Will the rates be displayed on the meters to indicate high demand, I don't think so. It will need information savvy usage, perhaps driving up power usage as people use computers to check going rates!
With PVgrid net metering you must be aware that when you use power it reduces the export, but with smart meters buying power at peak may offset previous net export in high demand! Smart Meters needs even smarter usage!
The good thing will be high cost of power will drive down usage but those without knowledge of grid system hit hardest.

Peter Campbell said...

Pooru, there has been virtually no community consultation (possibly none!) about smart meters. The scheme was devised by government and is largely embraced by the energy industries. Consumers won't be able to easily read their meters and make sense of what they read. The government has suspended Time of Use (ToU) metering until AFTER the election in response to social lobby groups raising concerns about the impacts on low income households.

Grant said...

Afternoon Peter
Much of what you say is correct, but unfortunately, as the horse is bolted, nothing could be done about the desal plant etc. and it is obvious that Morwell etc will need to continue to generate power for this facility and also peak power requirements (unless somebody has the guts to start a nuke plant). Remember that the OZ population is planned to increase by 60%, so we can expect power requirements to need to increase by at least 40% (with more energy efficient usage).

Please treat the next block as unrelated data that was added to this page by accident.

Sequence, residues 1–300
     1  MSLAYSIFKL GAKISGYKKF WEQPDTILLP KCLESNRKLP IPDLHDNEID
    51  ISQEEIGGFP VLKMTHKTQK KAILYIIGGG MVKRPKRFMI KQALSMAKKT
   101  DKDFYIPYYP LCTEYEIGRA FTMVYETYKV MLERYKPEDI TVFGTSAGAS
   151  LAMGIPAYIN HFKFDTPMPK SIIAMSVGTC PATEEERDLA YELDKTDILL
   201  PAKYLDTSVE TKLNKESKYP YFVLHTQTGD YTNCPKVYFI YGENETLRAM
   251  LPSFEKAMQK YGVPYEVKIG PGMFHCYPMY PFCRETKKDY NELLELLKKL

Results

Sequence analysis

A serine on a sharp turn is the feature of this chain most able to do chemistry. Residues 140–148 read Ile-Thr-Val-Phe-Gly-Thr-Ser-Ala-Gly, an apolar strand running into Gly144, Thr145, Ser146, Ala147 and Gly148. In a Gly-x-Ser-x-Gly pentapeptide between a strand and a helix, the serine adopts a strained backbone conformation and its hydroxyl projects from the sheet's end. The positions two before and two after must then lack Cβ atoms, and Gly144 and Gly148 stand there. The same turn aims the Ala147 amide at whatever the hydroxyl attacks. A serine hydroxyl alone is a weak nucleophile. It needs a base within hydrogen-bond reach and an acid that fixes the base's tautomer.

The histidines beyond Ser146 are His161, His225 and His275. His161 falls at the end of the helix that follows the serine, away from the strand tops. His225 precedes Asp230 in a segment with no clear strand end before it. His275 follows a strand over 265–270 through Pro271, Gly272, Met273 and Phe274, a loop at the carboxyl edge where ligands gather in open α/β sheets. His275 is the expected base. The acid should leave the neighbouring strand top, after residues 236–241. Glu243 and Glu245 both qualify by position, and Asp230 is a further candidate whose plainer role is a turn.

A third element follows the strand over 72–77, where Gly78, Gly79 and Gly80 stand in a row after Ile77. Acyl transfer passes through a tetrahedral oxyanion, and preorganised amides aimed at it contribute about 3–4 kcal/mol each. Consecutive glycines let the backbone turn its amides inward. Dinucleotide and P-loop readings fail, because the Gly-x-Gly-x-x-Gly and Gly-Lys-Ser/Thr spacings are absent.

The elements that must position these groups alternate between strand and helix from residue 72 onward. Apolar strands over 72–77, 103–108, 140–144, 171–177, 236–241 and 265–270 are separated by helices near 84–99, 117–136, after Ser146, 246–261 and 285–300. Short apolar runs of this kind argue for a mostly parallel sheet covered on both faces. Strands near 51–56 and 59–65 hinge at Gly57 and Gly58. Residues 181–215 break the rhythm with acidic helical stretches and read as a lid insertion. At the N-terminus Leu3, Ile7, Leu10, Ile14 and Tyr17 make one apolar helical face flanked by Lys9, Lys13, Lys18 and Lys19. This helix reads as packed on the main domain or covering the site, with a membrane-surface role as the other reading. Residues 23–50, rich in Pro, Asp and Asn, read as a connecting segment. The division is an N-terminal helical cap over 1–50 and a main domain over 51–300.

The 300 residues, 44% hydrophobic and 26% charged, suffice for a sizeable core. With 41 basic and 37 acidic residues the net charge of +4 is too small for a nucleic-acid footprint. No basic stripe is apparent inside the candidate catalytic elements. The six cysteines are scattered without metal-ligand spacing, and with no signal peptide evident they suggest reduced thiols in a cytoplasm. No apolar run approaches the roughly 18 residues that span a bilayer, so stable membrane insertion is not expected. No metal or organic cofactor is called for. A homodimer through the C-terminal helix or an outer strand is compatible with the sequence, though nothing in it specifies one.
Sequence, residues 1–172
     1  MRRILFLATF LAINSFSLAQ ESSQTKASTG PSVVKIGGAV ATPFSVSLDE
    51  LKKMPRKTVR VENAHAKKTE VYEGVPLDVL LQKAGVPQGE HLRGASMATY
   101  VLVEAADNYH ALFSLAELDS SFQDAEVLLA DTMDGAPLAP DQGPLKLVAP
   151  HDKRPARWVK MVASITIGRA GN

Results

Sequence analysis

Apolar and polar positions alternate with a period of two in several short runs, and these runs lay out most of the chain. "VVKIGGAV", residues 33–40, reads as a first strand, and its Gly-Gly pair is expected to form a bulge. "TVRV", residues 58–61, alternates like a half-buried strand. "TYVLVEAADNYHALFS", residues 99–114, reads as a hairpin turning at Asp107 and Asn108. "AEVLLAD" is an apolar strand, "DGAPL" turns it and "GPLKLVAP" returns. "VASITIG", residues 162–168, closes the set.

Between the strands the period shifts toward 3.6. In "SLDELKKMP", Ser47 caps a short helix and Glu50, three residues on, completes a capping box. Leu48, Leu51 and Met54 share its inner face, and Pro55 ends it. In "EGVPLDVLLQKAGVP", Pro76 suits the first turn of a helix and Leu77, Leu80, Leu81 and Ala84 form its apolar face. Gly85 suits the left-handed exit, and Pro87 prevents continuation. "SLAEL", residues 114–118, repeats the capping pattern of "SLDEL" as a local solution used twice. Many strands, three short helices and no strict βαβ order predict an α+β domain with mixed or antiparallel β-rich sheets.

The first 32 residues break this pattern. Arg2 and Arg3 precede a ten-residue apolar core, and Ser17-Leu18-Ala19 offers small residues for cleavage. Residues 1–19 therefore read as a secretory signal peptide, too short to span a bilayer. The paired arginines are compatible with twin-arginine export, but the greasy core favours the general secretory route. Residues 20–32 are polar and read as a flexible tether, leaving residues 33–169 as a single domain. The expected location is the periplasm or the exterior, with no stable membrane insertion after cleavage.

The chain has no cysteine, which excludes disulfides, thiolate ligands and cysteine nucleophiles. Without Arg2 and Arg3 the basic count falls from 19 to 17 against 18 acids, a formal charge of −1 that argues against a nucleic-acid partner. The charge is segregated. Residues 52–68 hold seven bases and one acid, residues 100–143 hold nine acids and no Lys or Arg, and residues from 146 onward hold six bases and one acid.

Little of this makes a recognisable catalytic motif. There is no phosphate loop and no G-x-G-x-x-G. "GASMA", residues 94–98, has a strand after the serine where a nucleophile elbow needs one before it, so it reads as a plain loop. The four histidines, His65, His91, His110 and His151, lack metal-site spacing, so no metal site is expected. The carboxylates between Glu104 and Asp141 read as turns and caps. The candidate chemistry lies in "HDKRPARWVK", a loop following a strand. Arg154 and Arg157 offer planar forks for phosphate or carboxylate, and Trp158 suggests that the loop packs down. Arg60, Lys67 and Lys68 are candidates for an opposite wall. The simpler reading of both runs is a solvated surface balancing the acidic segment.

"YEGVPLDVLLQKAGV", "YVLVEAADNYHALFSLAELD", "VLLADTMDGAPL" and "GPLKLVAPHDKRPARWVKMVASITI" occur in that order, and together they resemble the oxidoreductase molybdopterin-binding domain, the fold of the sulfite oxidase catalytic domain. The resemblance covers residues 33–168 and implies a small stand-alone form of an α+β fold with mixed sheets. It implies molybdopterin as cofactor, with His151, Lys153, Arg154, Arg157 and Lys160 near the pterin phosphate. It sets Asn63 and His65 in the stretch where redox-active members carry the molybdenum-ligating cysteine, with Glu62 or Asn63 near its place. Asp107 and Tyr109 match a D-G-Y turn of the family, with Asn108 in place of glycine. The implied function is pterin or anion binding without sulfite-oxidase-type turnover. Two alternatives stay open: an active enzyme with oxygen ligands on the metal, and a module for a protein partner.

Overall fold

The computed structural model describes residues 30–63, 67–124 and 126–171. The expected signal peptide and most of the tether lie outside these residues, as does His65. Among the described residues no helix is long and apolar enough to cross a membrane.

As for electricity smart meters, these, or some other method needed to be found to have variable power charging as we do not generate enough local power to meet peak demands, so have to purchase from more expensive generation methods.
Public transport in Melbourne will progressively get worse, even if the Government ran it, as no Gov, Vic, or Canberra, would be able to afford the billions required to,
a. duplicate tracks
b. split road and rail levels at crossings (so trains will need to be at the best 6-10 minutes apart on most lines)
c. widen rail bridges for additional lines
d. purchase and demolish properties on various lines to allow additional tracks
e. purchase properties to allow additional lines, where rail corridors were not left
e. widen cuttings and built up rail tracks